Canada takes allegations of genocide very seriously. We will continue to work in close collaboration with our allies to push for these to be investigated through an international independent body and for impartial experts to access the region so that they can see the situation firsthand and report back. Regardless of the legal term applied, it is clear that egregious human rights violations and abuses targeting Uyghurs and other ethnic minorities from and in the Xinjiang Uyghur Autonomous Region continue to be led by the Chinese Communist Party.

When it comes to sanctions, Canada has always been clear that the promotion and protection of human rights are integral parts of our foreign policy. A rigorous due diligence process has been established to consider and evaluate possible cases of human rights violations or corruption anywhere in the world against the criteria set out in the Justice for Victims of Corrupt Foreign Officials Act, within the context of other ongoing efforts to promote human rights and combat corruption. We believe the smart way to impose sanctions is to go with a core group of countries to have the maximum impact, not alone.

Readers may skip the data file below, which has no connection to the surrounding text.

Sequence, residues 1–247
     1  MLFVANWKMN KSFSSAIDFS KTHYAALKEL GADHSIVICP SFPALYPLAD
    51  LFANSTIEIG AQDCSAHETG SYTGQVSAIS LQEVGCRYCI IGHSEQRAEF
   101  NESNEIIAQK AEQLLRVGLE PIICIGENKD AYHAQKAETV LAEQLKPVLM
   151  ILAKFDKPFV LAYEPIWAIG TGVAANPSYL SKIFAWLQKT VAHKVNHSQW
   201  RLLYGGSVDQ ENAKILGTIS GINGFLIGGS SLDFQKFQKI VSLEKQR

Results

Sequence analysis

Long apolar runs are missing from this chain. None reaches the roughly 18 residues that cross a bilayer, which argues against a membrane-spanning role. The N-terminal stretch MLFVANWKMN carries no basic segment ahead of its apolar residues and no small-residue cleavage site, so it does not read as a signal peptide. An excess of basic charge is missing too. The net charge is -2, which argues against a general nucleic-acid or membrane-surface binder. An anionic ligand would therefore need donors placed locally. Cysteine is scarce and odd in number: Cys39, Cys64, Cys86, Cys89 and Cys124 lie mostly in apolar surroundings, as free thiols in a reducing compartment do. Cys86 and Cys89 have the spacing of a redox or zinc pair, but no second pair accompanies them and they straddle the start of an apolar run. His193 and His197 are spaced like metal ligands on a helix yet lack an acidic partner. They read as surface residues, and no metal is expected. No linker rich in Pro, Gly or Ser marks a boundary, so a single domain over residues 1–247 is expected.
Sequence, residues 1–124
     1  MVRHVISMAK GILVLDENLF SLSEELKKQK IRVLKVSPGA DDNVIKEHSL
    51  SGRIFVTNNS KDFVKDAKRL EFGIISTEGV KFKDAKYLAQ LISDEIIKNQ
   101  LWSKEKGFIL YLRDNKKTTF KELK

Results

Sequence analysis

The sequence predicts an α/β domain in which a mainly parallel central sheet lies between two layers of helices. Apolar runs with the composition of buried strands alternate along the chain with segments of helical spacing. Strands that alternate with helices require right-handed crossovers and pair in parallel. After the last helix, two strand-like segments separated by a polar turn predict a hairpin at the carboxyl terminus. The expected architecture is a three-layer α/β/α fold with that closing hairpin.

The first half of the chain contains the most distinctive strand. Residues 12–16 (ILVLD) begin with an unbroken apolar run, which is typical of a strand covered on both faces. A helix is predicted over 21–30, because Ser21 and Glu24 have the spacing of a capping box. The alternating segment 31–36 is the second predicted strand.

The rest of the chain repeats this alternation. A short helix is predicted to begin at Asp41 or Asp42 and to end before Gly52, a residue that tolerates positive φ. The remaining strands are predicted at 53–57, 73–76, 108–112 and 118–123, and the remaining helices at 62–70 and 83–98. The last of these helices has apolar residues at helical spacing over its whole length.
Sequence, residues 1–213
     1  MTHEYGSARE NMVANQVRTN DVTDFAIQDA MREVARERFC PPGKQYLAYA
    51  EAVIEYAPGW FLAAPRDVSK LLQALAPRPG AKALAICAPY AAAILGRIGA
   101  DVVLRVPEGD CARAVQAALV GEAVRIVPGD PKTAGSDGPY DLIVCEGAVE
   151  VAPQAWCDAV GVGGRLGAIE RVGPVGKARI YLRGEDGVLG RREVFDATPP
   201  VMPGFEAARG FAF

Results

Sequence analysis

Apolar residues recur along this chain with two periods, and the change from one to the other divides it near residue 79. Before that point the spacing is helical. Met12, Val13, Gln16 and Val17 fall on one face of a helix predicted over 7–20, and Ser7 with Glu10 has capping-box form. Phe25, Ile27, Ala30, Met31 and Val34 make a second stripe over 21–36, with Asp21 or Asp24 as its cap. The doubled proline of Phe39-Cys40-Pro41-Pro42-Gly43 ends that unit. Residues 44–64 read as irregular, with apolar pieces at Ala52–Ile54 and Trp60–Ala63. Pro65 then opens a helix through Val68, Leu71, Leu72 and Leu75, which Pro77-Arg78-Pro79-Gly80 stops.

Please be assured that the promotion and protection of human rights are core priorities of Canada’s foreign policy. The Government of Canada will continue to raise its concerns regarding the human rights situation in Xinjiang and all of China, and will continue to call on China to live up to its international obligations.

Presented to the House of Commons
Tracy Gray (Kelowna—Lake Country)
September 29, 2020 (Petition No. 432-00037)
Government response tabled
November 16, 2020
Photo - Tracy Gray
Kelowna—Lake Country
Conservative Caucus
British Columbia

43 signatures

Only validated signatures are counted towards the total number of signatures.